Badasses in History: Miyamoto Musashi
There are very few truths in this world. “Good” and “evil” are almost never that simple. “Money-back guarantees” are usually scams, and, let’s face it, “both fun and educational!” is just a hair away from being a bigger lie than Santa Clause. Sorry about that. I should have said spoiler alert.
Anyway, my point is that there are very few universal statements. My favorite however is this: Samurais are awesome.
Find me an exception. I dare you. Tell me you have never seen a samurai movie and left wishing to every power you believe in (and some you don’t, just to cover your bases) that you could be even a fraction as badass as a samurai is without even trying.
Ladies and Gentlemen, I present to you Miyamoto Musashi.
Musashi was many things, but what he was, above all else, is the greatest swordsman the world has ever seen. That shit you saw in Kill Bill? He was better. The three hundred Spartans? He could have killed them blindfolded. Every trope applied to Samurai applied to this man, but more so. We tell children scary stories about Godzilla, vampires, and manbearpig. They tell their kids about Miyamoto Musashi.
But I should start at the beginning.
We don’t actually know a lot about Musashi’s youth. The best historians can say is that he was born in 1584 in the Mimasaka Province of Japan. His father was an accomplished martial artist and swordsman and his grandfather was the vassal of a feudal lord by the name of Shinmen.
Beyond that, we don’t know much.
What we do know however, is that Musashi was one precocious motherfucker. How so you ask? Well, he killed a man at age 13. In a duel.
“But Josh!” you say. “Surely it was a training accident against another student at his dojo or some shit! No way it was for serial.”
Actually I’m “super serial.” At age 13, when many of us were having Bar Mitzvah’s and worrying about acne, popularity, and pop quizzes, Musashi was fucking killed people. In fact, his opponent, Arima Kihei, was a grown man…and already a samurai.
He was also kind of a douche. Thing is, he had come to Musashi’s hometown and posted a notice that he wanted to duel someone…anyone. Just because. Dude, what an a-hole.
Musashi, being a badass, decided “screw this guy, I’ll fuck up his shit worse than Samuel L. Jackson in any movie ever.” So, teen Musashi went and wrote his name on the notice, and adding (according to reliable sources) several “Yo Mamma” jokes, just to be sure Kihei wouldn’t chicken out.
At this point, Kihei went and told Miyamoto’s uncle about it, pissed that some punk-kid had challenged him. Musashi’s uncle was equally surprised, especially because Musashi didn’t actually have much swordsmanship training under his belt (or gi or obi or whatever samurai call belts).
I’ll take a moment to laugh my ass off and hand the story over to William Scott Wilson, author of The Lone Samurai.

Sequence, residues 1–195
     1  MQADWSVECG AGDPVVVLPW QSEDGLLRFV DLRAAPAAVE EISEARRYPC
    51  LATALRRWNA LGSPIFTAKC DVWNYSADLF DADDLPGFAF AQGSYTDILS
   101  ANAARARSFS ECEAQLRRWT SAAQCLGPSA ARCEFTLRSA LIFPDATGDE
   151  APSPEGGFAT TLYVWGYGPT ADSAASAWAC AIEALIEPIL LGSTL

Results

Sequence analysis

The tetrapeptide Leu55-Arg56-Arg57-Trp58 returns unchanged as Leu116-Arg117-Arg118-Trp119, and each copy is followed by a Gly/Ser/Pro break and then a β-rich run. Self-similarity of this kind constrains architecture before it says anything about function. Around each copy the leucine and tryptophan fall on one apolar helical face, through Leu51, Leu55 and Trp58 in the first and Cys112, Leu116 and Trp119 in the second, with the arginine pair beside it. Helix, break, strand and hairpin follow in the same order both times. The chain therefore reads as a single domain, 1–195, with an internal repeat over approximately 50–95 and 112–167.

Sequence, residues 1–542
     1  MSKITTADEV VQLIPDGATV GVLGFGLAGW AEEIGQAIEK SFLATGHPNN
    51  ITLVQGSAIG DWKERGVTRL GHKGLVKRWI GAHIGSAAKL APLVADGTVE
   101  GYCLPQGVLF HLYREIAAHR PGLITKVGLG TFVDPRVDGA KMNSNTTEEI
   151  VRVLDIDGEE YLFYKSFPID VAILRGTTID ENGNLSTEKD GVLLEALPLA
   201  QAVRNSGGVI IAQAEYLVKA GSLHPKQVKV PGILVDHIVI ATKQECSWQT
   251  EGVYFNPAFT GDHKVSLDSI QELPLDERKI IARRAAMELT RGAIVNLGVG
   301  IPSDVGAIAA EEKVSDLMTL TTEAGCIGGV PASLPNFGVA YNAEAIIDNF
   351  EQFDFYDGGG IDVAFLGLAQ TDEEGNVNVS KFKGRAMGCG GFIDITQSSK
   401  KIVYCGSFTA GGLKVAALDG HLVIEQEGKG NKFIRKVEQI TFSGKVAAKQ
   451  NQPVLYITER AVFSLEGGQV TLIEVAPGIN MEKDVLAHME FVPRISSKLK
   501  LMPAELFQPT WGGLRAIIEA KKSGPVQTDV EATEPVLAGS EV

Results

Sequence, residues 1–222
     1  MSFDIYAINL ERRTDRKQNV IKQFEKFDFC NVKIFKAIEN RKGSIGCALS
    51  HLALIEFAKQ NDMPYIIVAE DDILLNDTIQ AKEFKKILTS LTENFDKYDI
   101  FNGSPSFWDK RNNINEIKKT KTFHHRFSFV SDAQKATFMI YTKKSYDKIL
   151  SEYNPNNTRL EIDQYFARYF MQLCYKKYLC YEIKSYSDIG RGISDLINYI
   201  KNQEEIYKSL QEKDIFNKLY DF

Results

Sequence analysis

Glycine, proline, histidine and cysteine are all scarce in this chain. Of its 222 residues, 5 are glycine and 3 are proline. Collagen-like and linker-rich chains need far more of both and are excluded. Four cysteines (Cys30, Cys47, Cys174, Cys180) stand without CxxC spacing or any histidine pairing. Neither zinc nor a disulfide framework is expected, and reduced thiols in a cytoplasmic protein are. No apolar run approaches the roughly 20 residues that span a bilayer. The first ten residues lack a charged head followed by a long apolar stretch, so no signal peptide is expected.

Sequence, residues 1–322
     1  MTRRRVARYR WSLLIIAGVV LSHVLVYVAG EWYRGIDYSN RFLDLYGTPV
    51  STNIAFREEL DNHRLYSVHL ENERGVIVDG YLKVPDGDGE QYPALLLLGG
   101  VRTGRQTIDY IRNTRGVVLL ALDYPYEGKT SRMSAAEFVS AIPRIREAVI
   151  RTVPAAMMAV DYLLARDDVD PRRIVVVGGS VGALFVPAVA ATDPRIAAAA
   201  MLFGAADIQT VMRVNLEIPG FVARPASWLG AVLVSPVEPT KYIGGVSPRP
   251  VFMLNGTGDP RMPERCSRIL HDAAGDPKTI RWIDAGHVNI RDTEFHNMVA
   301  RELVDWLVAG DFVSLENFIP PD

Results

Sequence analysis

Kihei was adamant that the only way his honor could be cleared was if Musashi apologized to him when the duel was scheduled. So when the time set for the duel arrived, Dorin began apologizing for Musashi, who merely charged at Kihei with a six-foot quarterstaff, shouting a challenge to Kihei. Kihei attacked with a wakizashi, but Musashi threw Kihei on the floor, and while Kihei tried to get up, Musashi struck Arima between the eyes and then beat him to death.
To recap, in a fight of “Samurai vs. kid-who-barely-has-pubes-yet”, Musashi wins… by just running at the samurai with a giant staff. Against a guy with a sword. If nothing else, kid has mad balls.
In any case, Musashi did what any samurai would do in every samurai movie, he uttered some badass one-liner, took the guy’s sword, then wandered off into the sunset.
Four years and many duels later (of which he lost not a single one), Musashi found himself at the Battle of Sekigahara, which Wikipedia will fast inform you as being a seriously important battle in Japanese history, the equivalent of Gettysburg in the American Civil War or the Battle of Austerlitz in the Napoleonic Wars. Or that one episode of Batman where he has to take on the Joker, Penguin, and Two-Face all at once.
Anyway, seventeen-year-old Musashi reputedly killed an enormous number of opponents, escaping the battle without a single wound. Yeah. Seventeen-year-old vs. army? Musashi: 1, Army: 0.
Suck on that, whiny Spartans. A google search tells me that after the battle Musashi drew his sword and slashed it in mid-air, delivering a death-blow to a 450-years later Chuck Norris. Sure, after all I’ve heard, why not?
So, you ask again, how can one dude be this badass? Surely that’s all?
Hush, grasshopper. Bask in the glory that is Musashi.
In the following years, Musashi spent much of his time dueling (again, he never lost. Not once.), defeating nearly all of his opponents—usually masters of various swordsmanship schools—with a single blow.
It was also during this time that he developed what he would explain in his masterpiece, Go Rin No Sho (The Book of Five Rings), as his signature sword-style: Niten Ichi Ryu, which can either mean “two swords, one soul” or “School of two swords."